Bank guarantee: time to apply the simple truth
It’s worth remembering that the textbook on dealing with banking crises has been around for a long time - it just hasn’t been applied.
The late Brian Lenihan, the then Minister for Finance, telling reporters on September 30th 2008 that the Government had decided to guarantee all deposits in Irish banks. Photograph: Mark Stedman/Photocall Ireland
Most histories are ultimately about war. Even if they are not, historians will normally stage a fight about what really happened. There is little about the past that is not fought over. I recently downloaded two new books to add to my collection of alternative theories and narratives about the First World War. The English still row about the site of the Battle of Hastings, a defining event in the history of all of these islands. In Australia, the argument over their experience of colonisation is called the “history war”. Plenty of other countries have their own battles about the past: if the victor always writes the history, it is subject to eternal revision. This would be harmless fun if it were not for that old cliché, the one about being doomed to repeat the mistakes of the past if we refuse to learn from them.
There are many antagonists involved in the writing of the history of the banking guarantee. Most recently, ex-International Monetary Fund (IMF) official Donal Donovan has argued in this newspaper that the guarantee was the least worst option available at the time. Most, if not all, of the politicians who were even vaguely associated with the decision defend it in similar terms. Professor Karl Whelan of UCD has been a leading critic of government policies before, during and after that fateful night five years ago and has consistently argued that much better options were on the table.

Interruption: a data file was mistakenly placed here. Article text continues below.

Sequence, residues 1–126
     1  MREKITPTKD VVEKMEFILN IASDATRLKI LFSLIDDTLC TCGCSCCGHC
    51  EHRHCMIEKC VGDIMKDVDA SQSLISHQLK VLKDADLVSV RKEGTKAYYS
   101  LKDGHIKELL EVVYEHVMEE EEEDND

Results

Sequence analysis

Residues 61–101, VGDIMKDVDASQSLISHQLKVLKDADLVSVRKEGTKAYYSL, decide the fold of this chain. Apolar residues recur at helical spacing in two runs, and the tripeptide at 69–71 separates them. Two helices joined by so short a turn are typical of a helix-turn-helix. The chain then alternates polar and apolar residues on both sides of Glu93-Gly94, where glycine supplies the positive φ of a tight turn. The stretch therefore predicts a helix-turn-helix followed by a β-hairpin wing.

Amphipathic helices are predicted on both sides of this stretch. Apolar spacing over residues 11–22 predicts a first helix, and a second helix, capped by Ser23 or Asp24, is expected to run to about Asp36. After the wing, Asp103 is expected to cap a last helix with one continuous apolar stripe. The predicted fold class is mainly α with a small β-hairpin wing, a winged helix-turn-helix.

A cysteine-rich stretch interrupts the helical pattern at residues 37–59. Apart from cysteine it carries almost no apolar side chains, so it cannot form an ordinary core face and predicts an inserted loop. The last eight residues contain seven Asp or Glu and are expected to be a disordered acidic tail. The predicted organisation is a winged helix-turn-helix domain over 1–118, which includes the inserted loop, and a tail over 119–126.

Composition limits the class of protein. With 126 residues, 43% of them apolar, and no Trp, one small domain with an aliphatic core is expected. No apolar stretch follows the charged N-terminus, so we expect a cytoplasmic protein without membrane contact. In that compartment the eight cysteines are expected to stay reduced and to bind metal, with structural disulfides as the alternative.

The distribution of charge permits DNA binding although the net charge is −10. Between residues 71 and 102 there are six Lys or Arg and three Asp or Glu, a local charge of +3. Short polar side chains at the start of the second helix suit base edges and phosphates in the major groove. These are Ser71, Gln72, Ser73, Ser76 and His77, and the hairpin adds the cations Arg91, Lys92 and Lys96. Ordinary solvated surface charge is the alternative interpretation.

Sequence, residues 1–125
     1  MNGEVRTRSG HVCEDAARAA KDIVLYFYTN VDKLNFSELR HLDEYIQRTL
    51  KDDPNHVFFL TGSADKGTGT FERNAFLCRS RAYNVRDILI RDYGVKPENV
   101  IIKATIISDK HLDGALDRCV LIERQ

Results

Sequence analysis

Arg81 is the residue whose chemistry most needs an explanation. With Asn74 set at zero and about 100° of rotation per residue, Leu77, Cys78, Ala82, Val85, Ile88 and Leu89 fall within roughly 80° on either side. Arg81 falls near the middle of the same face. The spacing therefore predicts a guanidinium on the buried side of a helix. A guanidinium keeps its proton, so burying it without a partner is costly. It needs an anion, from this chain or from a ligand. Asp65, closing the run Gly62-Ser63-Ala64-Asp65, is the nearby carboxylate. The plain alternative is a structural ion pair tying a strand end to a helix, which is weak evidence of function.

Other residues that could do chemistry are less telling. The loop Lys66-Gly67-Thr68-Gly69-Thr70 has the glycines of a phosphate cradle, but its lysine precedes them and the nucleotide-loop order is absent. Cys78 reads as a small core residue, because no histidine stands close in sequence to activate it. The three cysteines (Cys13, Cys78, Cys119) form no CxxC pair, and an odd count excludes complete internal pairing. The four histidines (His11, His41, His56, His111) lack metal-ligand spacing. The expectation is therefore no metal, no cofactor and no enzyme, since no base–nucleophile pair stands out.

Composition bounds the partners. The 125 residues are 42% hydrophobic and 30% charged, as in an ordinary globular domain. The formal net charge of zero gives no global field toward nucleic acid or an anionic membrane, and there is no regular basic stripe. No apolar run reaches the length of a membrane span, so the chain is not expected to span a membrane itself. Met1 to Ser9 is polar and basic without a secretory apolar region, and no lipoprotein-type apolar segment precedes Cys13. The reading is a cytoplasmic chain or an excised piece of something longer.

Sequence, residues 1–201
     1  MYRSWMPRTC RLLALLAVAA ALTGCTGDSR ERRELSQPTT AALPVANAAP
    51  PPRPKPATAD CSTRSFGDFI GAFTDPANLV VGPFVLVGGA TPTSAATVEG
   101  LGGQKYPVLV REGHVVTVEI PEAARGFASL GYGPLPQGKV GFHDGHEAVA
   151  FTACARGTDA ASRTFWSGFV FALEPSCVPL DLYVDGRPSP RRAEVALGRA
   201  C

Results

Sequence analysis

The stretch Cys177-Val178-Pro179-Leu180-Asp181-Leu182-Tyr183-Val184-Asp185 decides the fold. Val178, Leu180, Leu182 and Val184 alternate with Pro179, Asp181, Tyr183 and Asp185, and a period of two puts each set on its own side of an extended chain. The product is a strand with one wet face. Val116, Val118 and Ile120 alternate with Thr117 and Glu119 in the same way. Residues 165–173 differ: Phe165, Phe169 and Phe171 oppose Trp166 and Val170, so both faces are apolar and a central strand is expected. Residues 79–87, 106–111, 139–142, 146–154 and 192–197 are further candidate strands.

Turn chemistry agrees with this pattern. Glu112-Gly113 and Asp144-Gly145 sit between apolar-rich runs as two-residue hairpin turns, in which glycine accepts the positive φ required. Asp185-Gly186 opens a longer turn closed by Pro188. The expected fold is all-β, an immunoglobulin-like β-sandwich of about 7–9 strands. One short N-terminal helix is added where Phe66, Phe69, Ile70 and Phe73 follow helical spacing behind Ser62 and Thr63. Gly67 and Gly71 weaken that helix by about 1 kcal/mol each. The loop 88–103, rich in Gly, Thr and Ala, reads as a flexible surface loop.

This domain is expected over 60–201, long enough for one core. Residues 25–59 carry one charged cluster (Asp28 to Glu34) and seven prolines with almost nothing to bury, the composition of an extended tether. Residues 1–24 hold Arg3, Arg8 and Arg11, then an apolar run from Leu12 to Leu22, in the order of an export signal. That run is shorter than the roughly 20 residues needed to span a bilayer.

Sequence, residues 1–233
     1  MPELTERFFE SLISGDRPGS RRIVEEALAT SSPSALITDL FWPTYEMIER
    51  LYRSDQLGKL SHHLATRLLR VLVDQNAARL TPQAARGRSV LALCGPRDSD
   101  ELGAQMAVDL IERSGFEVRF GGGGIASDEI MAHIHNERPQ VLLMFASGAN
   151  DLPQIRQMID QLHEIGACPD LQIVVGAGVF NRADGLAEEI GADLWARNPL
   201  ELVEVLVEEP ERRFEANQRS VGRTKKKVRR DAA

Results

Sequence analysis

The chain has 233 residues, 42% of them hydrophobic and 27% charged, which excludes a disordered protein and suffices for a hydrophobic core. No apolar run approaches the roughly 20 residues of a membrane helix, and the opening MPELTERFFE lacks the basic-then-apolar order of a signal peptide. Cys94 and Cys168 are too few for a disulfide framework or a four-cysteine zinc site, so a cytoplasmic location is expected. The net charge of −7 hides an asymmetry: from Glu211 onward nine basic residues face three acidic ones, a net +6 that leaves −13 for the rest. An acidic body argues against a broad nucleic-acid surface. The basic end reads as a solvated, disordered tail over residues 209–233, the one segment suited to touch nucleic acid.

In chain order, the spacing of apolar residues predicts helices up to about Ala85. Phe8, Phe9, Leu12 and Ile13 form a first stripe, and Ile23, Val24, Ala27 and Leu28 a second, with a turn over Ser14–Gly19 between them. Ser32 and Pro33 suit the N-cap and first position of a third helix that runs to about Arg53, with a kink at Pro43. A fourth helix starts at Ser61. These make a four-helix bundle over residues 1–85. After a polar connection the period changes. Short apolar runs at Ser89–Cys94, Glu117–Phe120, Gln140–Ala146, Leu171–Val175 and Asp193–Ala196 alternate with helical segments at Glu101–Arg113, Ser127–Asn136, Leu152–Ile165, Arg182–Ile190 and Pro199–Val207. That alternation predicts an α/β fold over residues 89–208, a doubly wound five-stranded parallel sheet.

How is the dispassionate observer supposed to judge these arguments? The trouble with history is that you can’t actually observe what would have happened if events had taken a different course; if we still argue about what really did happen, it is no wonder we have fist fights about what might have happened.
The argument about a blanket guarantee being the best of a bad bunch of policy choices seems to fail a straightforward test: if we were to relive the events of September 2008 we would never, in a million years, repeat the policy choices we made on that night. This is not hindsight. A good rule of thumb in most situations is never assume potentially unlimited liability. The textbook on dealing with banking crises has been around for a long time, is uncontroversial and was well known five years ago (in banking circles at least, if not in the corridors of power). I think that the defenders of the guarantee are, in fact, arguing that they would do it all again.
Much of the row is about the word “blanket” rather than “guarantee”. Here, we get into the old bond-holder burning argument and legal disputes over the “parri passu” status of depositors and bond investors. In addition, when Anglo should have been nationalised (and “resolved”) is also hotly debated. Could we have taken on the European Central Bank (ECB) and faced down its head, Jean-Claude Trichet? We will never know: this is all getting a bit like the argument over the origins of the First World War.
It seems to me that a less extensive guarantee would almost certainly have saved us some money, so represented a better policy choice - there would have been fewer bond-holders left amazed when they got their money back.
The new European rules about dealing with problem banks are taking a long time to come into being, not because we are clueless about how to do this but solely because there is a dispute over who ends up paying. And because that someone is potentially the European taxpayer, including those of a German variety, it is deemed best to delay the dissemination of this simple truth for as long as possible.
As I said, we have known for decades how to deal with problem banking systems: there is no argument about who pays. It starts with shareholders and then moves through the capital structure - those pesky bondholders of varying degrees of seniority - and, if the problems are still big enough, arrives at the door of the depositor and/or the taxpayer. Amidst all the posturing and secrecy surrounding the nascent banking union, the debate essentially boils down to how quickly we get to the taxpayer and which one. The mechanism, the basic structure, is as it has been for years, and it has been ruthlessly applied in the US, which now has a pristine banking system.
This all kicks off, again, quite soon, starting with yet another review of European bank balance sheets (including Irish ones). Those banks deemed to be shaky will have to go shareholders first, then bondholders and, if they are in bad enough shape, depositors and taxpayers: it’s a familiar chain. It could, should, have been done ages ago.